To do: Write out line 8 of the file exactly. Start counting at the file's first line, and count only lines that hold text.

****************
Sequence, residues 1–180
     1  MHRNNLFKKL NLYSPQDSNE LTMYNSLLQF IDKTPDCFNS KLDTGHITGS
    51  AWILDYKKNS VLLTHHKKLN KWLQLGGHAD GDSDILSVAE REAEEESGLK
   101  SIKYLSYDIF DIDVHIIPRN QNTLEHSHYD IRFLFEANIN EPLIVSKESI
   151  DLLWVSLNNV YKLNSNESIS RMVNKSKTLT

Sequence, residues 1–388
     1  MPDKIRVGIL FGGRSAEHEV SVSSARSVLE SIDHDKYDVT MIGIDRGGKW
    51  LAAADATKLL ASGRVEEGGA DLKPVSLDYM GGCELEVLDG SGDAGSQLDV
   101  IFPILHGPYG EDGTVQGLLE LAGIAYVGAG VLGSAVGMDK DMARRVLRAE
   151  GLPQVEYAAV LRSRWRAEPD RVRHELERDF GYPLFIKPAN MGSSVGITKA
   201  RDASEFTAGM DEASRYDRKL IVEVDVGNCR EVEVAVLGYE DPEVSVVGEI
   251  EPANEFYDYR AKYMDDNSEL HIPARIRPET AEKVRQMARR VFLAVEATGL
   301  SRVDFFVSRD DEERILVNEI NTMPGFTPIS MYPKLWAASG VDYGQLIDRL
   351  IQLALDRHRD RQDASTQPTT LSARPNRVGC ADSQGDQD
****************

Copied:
    51  LAAADATKLL ASGRVEEGGA DLKPVSLDYM GGCELEVLDG SGDAGSQLDV